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Mace and Crown | May 24, 2018

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Fatima's Best Reads: 'Monsterland,' 'King's Cage' and 'Superman'

Fatima Rivera | Staff Writer

‘Monsterland:’ Bleak and confusing despite potential storyline

The tales of werewolves, vampires and zombies have influenced many parts of entertainment for decades. From books to movies, there have been countless renditions of one single monster and that continues to happen today. “Monsterland” by Michael Okon makes an addition in this category, but fails to make an impact.

Wyatt Baldwin is trying to adjust to his new lifestyle. After his father’s mysterious death a year before, leaving his family with no money to get by, he’s forced to move and start over. He ends up with his little brother Sean, mom and stepdad, Carter, who is trying to make an effort at being a better father figure.

When Vincent Konrad, a multimillionaire scientist who is known for helping the government with the cure for the current zombie plague, opens an amusement park named Monsterland, containing actual werewolves, vampires and zombies, Wyatt receives tickets from Konrad to attend the grand opening. Once they arrive, they start to notice how some things aren’t quite how they’re supposed to be, leading Wyatt to wonder; will they make it out alive?

The idea of Monsterland has the potential to be a new direction for the genre. Its idea of using different mythical creatures and characters living in a modernized setting gives it a fresh appeal for readers. However, the storyline is stale. It throws all of the events in at once that leaves one trying to make out what they just read. The writing is too focused on giving out a detailed description of events, making it seemed forced as it goes.

Overall, the entire book had the option to go many ways and save material from the first book to transfer over to the sequel. Finishing the book was also a challenge and the occasional twist did little to overcome it.

Monsterland is sold where books are available.

‘King’s Cage:’ Continues the revolution in thrilling series

Revolution, Riots and Reds, oh my! “King’s Cage” by Victoria Aveyard is the third book in the “Red Queen” series, where the battle between red and silver bloods continue and goes even deeper than before.

Following the events from “Glass Sword”, Mare Barrow is being held prisoner by King Maven inside of Whitefire castle. Her powers are suppressed, due to the silent stone embedded in her surroundings, and all she does is follow him around, trying to find a way to get out and back to the Scarlet Guard. The more time she’s there, the more cracks she notices in the crown and everyone who surrounds him.

At the same time, Cameron is pushing towards a rescue mission to get her brother back, but keeps getting rejected due to the Guard trying to make a rescue for Mare and find a turning point in the war. Time is running out for both Mare and Cameron as Maven is closer to finding out their plans and tearing them down for good.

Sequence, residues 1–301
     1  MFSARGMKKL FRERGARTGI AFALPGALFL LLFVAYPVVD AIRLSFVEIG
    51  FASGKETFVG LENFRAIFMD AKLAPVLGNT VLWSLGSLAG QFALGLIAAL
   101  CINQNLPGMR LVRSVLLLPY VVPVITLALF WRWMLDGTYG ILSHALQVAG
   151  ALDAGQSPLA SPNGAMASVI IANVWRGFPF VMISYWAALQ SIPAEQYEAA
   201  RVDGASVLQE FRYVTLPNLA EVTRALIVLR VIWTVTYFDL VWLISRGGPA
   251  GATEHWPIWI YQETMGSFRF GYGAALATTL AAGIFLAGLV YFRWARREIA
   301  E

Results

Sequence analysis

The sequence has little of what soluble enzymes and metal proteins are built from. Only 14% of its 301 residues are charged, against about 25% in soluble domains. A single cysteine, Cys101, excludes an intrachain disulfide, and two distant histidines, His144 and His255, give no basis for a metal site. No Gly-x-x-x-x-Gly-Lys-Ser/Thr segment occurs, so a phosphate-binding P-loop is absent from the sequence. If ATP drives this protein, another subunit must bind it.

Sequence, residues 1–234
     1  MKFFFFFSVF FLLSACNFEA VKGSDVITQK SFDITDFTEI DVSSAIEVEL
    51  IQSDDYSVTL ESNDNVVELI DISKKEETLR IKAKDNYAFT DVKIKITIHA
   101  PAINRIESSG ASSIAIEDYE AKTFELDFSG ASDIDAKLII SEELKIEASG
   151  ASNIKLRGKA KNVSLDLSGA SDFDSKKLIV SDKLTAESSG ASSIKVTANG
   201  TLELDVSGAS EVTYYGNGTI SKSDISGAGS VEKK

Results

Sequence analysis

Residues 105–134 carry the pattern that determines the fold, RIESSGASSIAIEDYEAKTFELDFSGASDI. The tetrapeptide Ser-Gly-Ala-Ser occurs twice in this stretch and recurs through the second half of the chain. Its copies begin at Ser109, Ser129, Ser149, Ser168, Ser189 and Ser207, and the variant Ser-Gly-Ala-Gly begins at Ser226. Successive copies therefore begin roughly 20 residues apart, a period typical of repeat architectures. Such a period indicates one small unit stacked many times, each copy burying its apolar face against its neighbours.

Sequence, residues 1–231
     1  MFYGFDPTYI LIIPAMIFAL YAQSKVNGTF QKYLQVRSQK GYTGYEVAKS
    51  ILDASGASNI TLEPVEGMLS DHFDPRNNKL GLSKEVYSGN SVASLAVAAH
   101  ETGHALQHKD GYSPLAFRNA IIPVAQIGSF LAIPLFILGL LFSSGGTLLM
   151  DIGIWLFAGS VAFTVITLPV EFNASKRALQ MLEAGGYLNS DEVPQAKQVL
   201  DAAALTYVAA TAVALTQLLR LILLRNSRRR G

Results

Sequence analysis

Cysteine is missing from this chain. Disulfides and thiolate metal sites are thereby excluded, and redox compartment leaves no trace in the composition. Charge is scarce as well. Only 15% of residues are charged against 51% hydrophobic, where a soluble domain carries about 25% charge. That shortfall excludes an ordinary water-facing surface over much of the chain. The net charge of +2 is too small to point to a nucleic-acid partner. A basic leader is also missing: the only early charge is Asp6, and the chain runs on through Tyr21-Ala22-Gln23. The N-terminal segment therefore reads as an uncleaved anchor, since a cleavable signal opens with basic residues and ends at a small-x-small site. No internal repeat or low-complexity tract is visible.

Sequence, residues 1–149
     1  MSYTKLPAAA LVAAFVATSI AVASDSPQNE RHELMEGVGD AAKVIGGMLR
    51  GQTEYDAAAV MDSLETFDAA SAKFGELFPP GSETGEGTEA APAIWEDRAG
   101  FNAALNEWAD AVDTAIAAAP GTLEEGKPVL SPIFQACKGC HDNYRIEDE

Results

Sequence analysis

With secrets continuing to pop up throughout each chapter and having some things come to light that begins to tie loose ends, it is a story that will make one lose track of time and lost in another world.

Aveyard captures the emotion throughout the whole book and the transitions between the different point of view of each character allow the story to flow with one another, letting it add up close to the end. The story also has good timing, with the events going on throughout America, as revolution is a huge theme behind the story and can give readers a sense of hope throughout the entire series.

“King’s Cage” is available wherever books are sold. “War Storm,” the final installment will be available May 18.

‘Superman:’ American Alien brings a different light to beloved hero

Comics have been one of the most popular forms of literature for years, allowing readers to enjoy their favorite tales while seeing what is being described to them. DC comics, “Superman: American Alien #1” written by Max Landis, shows who Clark Kent really is, and what he was up to before officially becoming Superman.

In the beginning chapters, a young Clark struggles to maintain his new powers a secret as they begin to develop outside of his house and interfere with daily activities. His mother and father do everything they can to help him, not just with his powers, but with his emotions as well. As the story progresses, Clark goes on to pretend to be Bruce Wayne on a yacht, move to Metropolis, meet Lois Lane and how he decides to become once and for all, Superman.

This is definitely more light-hearted and comedic than what D.C has been recently putting out for Superman. It allows Clark’s humanity to shine through, shows how compassionate he really is and his reasons for being the “Man of Steel.”

The comic is a beautiful story and will leave many looking forward to the new version of the series to be released in the next coming months. It also dips into many D.C characters that make an appearance into the story, allowing an unwritten explanation take place and demonstrates how much more connected the superheroes are to each other. It is a great read and a good place to start for those who are new to the comic/superhero world

Superman: American Alien is sold wherever D.C comics are sold and on